6. What pieces should AI be used on? As a matter of policy, it’s advisable to define categories of content where AI can be used and should not be used. San Jose has created a simple risk matrix to gauge the risks of information breaches and negative impacts by using AI.
7. What’s in an image? In San Jose, image generators such as Dall-E can be used “only for illustrative purposes.”
“If you want a picture of the mayor at City Hall, find an actual picture,” the city’s guidelines insist.
Likewise, newspaper publisher Gannett says the company “does not use AI-generated photo-realistic images in our news coverage.”
The newspaper publishing giant also takes a skeptical view toward AI-generated illustrations.
“There is an extremely high bar for the potential use of AI-generated visual content, requiring full disclosure to the viewer,” according to the “USA Today Network Principles of Ethical Conduct for Newsrooms.”
San Jose adopts a more liberal approach to illustrations, with the condition that “any” use of AI in the creation of a video or image must be disclosed, “even if the images are substantially edited,” according to the city’s “Generative AI Guidelines,” updated Sept. 23, 2023.
8. How is AI being used? “Document how you used the model, the prompts you used, etc. It could be helpful to you and your colleagues to better understand how you can use these technologies better and more safely,” according to the Boston guidelines.
This information is expressly included in the reporting form used by San Jose.
9. What to keep out of AI? Key to generative AI are the prompts, the text, question, or information that describes the task for the app or tells it what you are looking for. Some employees may mistakenly believe that a prompt is not a public disclosure. All guidelines should include a strict prohibition on using material in prompts that company policy currently requires be kept confidential.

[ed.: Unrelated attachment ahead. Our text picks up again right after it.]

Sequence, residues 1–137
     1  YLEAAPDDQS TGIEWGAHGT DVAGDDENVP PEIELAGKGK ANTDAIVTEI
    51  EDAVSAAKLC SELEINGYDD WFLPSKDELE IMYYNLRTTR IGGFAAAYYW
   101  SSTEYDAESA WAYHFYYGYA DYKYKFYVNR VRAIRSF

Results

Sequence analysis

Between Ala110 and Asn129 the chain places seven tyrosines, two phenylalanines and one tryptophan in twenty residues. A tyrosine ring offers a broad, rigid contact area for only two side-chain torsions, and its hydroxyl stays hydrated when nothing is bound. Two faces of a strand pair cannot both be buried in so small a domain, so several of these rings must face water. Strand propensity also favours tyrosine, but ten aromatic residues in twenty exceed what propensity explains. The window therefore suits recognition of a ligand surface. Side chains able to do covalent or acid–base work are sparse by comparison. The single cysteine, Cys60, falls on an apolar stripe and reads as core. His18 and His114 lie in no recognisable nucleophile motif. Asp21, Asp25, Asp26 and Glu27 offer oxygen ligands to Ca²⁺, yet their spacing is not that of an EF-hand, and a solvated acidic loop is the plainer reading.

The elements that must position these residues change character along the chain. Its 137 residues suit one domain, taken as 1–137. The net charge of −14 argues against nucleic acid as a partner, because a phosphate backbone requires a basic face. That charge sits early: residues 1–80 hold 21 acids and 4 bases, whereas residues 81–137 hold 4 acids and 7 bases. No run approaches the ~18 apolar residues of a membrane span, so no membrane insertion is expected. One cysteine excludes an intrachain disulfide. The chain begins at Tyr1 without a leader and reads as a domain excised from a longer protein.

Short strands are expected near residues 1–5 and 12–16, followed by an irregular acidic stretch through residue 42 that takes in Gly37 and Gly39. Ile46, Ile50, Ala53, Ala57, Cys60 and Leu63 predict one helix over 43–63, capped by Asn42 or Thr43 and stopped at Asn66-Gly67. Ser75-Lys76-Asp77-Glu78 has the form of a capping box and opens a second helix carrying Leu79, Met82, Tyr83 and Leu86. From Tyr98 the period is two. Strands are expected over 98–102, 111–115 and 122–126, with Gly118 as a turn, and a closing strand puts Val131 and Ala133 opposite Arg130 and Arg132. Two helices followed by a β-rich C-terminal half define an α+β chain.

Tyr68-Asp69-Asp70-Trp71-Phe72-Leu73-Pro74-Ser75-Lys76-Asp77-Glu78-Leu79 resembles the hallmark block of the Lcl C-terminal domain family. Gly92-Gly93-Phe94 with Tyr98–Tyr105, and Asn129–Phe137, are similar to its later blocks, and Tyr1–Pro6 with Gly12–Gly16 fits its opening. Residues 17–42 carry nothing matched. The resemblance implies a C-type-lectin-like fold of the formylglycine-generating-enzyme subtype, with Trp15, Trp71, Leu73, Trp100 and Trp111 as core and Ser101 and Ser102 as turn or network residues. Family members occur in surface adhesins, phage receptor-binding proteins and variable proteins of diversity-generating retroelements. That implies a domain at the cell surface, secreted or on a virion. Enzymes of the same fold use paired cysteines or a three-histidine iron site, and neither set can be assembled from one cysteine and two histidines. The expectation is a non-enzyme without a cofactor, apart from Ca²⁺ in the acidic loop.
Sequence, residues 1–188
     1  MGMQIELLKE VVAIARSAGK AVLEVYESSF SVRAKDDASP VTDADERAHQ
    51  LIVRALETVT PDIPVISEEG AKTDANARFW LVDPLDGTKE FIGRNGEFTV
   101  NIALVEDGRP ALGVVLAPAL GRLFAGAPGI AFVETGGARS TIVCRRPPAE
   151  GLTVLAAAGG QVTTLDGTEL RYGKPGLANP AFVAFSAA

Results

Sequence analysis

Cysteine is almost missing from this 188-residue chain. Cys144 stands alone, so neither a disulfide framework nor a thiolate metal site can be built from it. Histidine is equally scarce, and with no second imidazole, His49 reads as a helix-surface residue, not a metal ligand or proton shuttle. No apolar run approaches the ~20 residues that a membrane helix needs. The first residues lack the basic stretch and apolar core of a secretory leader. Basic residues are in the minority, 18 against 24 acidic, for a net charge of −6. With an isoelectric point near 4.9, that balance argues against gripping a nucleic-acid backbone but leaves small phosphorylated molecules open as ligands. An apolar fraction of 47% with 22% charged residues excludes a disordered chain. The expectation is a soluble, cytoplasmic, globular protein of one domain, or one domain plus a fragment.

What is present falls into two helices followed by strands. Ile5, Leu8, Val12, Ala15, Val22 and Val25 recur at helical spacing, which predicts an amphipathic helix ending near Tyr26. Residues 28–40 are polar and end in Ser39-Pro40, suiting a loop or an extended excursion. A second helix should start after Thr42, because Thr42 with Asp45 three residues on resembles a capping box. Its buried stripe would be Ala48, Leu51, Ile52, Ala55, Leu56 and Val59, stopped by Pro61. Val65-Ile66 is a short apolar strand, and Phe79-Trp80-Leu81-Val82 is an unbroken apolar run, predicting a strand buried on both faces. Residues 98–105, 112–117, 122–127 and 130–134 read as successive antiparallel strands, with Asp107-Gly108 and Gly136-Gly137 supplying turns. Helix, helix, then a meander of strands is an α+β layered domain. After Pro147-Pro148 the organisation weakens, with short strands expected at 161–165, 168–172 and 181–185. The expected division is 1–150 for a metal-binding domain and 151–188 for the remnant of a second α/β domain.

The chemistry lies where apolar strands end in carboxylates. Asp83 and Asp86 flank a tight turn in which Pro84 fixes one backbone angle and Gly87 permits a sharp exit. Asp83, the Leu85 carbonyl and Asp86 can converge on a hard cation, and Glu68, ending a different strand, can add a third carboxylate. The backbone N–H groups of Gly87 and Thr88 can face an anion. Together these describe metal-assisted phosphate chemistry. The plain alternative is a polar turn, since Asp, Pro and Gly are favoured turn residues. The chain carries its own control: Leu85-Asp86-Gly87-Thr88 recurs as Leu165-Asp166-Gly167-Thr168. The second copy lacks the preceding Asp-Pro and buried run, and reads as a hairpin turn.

But here’s the dilemma: The more specific the prompt, the more helpful will be AI’s response. But more detail increases the risk of improper disclosure. Employees shouldn’t be left to operate in this gray area alone.
Create a procedure for quick conversations between managers and writers about what goes into a prompt.
10. How do we use the output? The State of Kansas says: “Responses generated from generative AI shall not … be used verbatim,” according to a memo issued July 25, 2023, by its chief technology officer.
This is in line with The Associated Press, which says, “While AP staff may experiment with ChatGPT with caution, they do not use it to create publishable content.”
11. When do we tell the public? What if AI content isn’t published verbatim?
Most readers want news outlets to label AI-generated stories, but they find those news outlets less trustworthy when they do, according to a study published last month by Benjamin Toff, a journalism professor at the University of Minnesota, and Felix Simon, a Ph.D. student at the Oxford Internet Institute.
Cayce Myers, a communications professor at Virginia Tech University, hedges a bit. This month he writes that it “likely depends on content, but overall, it is best to disclose when in doubt.”
National Public Radio tells its staff that if AI “played a significant role in your reporting you should share that fact with your audience,” in its “Ethics Handbook.”
Disclosure is required when “a substantial portion of the content used in the final version comes from the generative AI,” according to San Jose. Similarly, Seattle requires disclosure when it “is used substantively in a final product.”
What’s “substantial?” San Jose is studying the question.
12. Who makes the rules? Tempe establishes roles for city departments, including IT, and a Technology and Innovation Steering Committee. Is your policy merely a guideline, which can be disregarded when appropriate, or is it part of the personnel manual? What are the consequences for missteps or violations?
The answers to these questions don’t involve just practical concerns, as artificial intelligence scholar and consultant Lance Eliot has pointed out.
He’s wary of snappy quotes which simplify complex issues about the new technology.
In September 2022, shortly before the AI craze began, he wrote somewhat awkwardly: “It takes a village to devise and field AI, and for which the entire village has to be versed in and abide by AI ethics precepts.”